Monday, July 19, 1971: Philip woke up first again. We were back in the sunshine of Riley Creek Campground, where we also camped a few nights ago. Night before last we tried Toklat Road Camp, but crowds there drove us back here. Philip at the wheel, took us out of Riley Creek Campground, while we ate breakfast en route toward Denali National Park Headquarters. We made our first picture stop at Toklat Bridge for the view upstream at the Toklat River with the 4X5 View Camera. The wind was stiff and the sky again beautiful with scattered clouds; an utterly different type from yesterday. A short distance on we stopped for our first view of the day of Mt. Denali (formerly Mt. McKinley). This view was not visible yesterday afternoon. By 6:40 am the sky had become cloudless.

On the climb up the road toward Polychrome Pass a red fox trotted across the road. Philip stopped and pulled out his 35 mm camera. David and I remained in the camper cab. Next thing we knew, the fox was trotting toward us with a half consumed ground squirrel in his mouth. Philip pursued the fox. The fox, while indifferent to us, occasionally stopped and looked back at Philip. He said he thought he had made several good photographs of the fox. As we climbed Polychrome Mountain, we stopped again for a picture across the green valley with tawny lower slopes and snow and rock contrasting higher ridges. We made another stop at Mile 47 for a cold breakfast and another photograph of Mt. Denali in the full sun without a cloud. (See PhilipHyde.com for more photographs of Alaska.)

We proceeded to the next photo stop for the braided pattern of a partially dry stream to the North and another to the East of the braided water streams reflecting in the light. By Mile 46, Mt. Denali was beginning to haul in a few clouds. Just beyond Mile 46 and at the top of Polychrome Pass, Philip stopped again for photographs with the view camera and the 2 ¼ Hasselblad. The next stop at around 9:30 am was for a Hasselblad photograph of Caribou on the skyline of green bald hills climbing to Sable Pass, followed by a 35 mm photograph of a bill Caribou on a snow patch at the top of Sable Pass.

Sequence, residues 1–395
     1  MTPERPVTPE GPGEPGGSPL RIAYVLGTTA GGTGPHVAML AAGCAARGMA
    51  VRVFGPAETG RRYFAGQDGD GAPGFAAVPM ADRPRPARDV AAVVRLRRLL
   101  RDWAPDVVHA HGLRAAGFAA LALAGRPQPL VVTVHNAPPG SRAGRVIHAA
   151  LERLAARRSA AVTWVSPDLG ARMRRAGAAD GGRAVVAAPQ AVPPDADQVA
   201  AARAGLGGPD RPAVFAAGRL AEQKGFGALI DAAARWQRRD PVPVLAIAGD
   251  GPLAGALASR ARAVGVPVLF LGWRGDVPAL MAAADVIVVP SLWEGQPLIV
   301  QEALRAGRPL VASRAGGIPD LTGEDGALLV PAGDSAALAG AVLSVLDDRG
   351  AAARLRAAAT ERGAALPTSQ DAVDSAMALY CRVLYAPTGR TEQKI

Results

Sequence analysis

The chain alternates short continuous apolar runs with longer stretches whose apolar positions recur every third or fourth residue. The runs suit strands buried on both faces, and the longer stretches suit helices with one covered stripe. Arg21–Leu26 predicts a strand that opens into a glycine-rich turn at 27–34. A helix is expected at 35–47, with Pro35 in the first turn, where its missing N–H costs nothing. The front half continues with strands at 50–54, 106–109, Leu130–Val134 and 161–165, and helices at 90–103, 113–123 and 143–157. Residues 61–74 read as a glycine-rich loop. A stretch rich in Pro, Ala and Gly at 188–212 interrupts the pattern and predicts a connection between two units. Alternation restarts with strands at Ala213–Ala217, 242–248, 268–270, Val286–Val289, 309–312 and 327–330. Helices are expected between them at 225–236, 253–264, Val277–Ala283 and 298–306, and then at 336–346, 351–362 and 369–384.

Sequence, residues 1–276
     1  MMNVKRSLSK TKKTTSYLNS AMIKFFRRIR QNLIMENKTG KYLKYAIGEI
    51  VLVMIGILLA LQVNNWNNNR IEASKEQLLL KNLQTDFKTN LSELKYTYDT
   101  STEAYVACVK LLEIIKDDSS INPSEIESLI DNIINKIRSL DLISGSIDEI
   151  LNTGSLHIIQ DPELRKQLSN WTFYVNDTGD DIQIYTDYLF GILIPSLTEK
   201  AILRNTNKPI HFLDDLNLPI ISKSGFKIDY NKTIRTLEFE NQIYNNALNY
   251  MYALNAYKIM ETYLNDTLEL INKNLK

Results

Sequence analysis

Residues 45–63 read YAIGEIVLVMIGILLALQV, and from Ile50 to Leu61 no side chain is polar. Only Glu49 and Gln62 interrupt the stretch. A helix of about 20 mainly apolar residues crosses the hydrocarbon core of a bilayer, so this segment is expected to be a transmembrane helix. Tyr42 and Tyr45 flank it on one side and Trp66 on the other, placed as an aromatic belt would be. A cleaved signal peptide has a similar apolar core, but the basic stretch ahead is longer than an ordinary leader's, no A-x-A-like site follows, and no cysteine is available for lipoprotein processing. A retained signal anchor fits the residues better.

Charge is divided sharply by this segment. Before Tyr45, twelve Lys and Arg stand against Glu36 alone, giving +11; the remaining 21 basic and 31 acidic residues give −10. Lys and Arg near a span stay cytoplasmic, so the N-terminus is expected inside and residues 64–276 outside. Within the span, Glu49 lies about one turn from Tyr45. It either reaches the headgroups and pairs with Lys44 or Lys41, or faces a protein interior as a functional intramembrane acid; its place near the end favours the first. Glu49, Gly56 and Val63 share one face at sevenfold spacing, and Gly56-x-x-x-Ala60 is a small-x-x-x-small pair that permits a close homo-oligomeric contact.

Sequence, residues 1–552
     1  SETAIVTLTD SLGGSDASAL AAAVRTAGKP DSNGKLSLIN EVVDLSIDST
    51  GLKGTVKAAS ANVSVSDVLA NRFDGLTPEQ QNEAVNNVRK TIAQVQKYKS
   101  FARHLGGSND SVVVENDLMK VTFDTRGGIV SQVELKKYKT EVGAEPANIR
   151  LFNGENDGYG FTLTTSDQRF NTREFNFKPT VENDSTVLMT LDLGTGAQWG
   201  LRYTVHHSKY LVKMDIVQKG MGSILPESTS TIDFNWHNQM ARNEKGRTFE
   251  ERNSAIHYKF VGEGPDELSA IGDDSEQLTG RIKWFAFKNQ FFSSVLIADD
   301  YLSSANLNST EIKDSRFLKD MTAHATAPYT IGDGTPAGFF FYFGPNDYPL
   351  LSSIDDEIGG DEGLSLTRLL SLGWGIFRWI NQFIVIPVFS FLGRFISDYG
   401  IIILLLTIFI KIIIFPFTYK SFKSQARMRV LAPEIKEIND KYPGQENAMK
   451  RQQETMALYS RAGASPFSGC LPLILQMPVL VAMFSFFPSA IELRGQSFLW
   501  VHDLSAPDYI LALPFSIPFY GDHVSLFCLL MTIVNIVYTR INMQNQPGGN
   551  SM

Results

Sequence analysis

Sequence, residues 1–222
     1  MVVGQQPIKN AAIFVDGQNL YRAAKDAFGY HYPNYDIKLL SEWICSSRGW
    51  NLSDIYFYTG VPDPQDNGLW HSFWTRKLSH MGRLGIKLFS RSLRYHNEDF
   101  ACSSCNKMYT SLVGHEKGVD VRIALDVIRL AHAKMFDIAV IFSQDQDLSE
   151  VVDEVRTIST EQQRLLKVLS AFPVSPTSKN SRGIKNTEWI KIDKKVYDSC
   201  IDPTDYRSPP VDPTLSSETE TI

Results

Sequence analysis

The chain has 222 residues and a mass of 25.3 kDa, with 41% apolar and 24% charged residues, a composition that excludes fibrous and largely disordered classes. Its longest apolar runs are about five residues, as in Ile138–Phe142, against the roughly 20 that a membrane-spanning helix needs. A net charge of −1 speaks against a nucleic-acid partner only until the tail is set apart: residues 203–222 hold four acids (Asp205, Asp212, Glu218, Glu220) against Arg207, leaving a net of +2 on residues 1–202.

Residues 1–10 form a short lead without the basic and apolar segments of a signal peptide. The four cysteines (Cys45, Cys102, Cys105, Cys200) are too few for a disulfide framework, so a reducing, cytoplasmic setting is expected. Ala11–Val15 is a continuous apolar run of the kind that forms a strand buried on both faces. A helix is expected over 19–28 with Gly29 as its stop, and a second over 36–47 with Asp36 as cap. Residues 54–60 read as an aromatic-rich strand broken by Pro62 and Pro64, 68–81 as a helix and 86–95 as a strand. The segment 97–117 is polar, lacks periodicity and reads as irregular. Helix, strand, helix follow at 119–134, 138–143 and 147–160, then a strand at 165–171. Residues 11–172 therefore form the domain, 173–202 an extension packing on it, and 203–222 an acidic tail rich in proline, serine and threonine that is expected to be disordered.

Flat tires had become somewhat routine and we had another one at Sanctuary River. We then drove on to the service station at Park Headquarters. After the tire repair, we went over to the train depot to pick up our mail. We met Celia Hunter of Camp Denali, who was there to pick up her group of guests. After lunch and business taken care of, we drove back to Denali Lakes to visit Ginny Wood and Celia Hunter. As we arrived at Denali Lakes, we heard the hiss of air escaping from the tire we just had fixed. We turned around and retraced our progress back to the service station to have it fixed again. We pulled over to the Train Station area for dinner in the Camper. Off again we went, this time to Savage River Campground. On arrival at Savage River, we heard the familiar hiss of air escaping again. On returning to the service station a third time, we found it closed. Thus ended what was fortunately an unusually clear and warm day in Denali National Park. “Big Muh,” as David called Mt. Denali, was in view the entire day.

(Continued in the next blog post in the series, “Denali National Park, Alaska Travel Log 21.”)